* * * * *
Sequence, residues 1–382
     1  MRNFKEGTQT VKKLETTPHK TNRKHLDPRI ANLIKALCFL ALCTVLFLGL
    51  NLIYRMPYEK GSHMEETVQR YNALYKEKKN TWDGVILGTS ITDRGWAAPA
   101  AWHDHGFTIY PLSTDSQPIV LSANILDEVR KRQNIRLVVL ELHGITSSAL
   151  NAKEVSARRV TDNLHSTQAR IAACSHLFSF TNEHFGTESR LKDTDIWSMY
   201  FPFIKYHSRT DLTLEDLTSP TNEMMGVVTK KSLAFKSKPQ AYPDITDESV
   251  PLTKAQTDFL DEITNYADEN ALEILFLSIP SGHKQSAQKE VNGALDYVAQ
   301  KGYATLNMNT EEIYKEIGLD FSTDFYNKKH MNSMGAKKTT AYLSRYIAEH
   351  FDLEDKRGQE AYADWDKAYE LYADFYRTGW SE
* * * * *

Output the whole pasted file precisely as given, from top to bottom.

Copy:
Sequence, residues 1–382
     1  MRNFKEGTQT VKKLETTPHK TNRKHLDPRI ANLIKALCFL ALCTVLFLGL
    51  NLIYRMPYEK GSHMEETVQR YNALYKEKKN TWDGVILGTS ITDRGWAAPA
   101  AWHDHGFTIY PLSTDSQPIV LSANILDEVR KRQNIRLVVL ELHGITSSAL
   151  NAKEVSARRV TDNLHSTQAR IAACSHLFSF TNEHFGTESR LKDTDIWSMY
   201  FPFIKYHSRT DLTLEDLTSP TNEMMGVVTK KSLAFKSKPQ AYPDITDESV
   251  PLTKAQTDFL DEITNYADEN ALEILFLSIP SGHKQSAQKE VNGALDYVAQ
   301  KGYATLNMNT EEIYKEIGLD FSTDFYNKKH MNSMGAKKTT AYLSRYIAEH
   351  FDLEDKRGQE AYADWDKAYE LYADFYRTGW SE